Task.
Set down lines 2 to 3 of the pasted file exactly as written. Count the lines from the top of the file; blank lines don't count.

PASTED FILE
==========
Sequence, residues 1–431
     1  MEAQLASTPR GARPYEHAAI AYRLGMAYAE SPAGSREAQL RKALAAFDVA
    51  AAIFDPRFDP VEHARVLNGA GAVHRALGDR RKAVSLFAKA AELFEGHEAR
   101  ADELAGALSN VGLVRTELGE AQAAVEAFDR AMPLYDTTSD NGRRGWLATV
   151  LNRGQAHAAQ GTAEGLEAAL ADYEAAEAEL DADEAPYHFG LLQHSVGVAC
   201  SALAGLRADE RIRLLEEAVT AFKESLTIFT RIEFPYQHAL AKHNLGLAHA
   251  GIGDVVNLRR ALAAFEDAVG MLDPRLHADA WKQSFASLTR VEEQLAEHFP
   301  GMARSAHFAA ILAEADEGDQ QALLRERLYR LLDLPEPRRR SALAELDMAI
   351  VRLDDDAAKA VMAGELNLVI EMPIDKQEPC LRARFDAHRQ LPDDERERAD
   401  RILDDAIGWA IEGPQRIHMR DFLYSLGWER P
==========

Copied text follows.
     1  MEAQLASTPR GARPYEHAAI AYRLGMAYAE SPAGSREAQL RKALAAFDVA
    51  AAIFDPRFDP VEHARVLNGA GAVHRALGDR RKAVSLFAKA AELFEGHEAR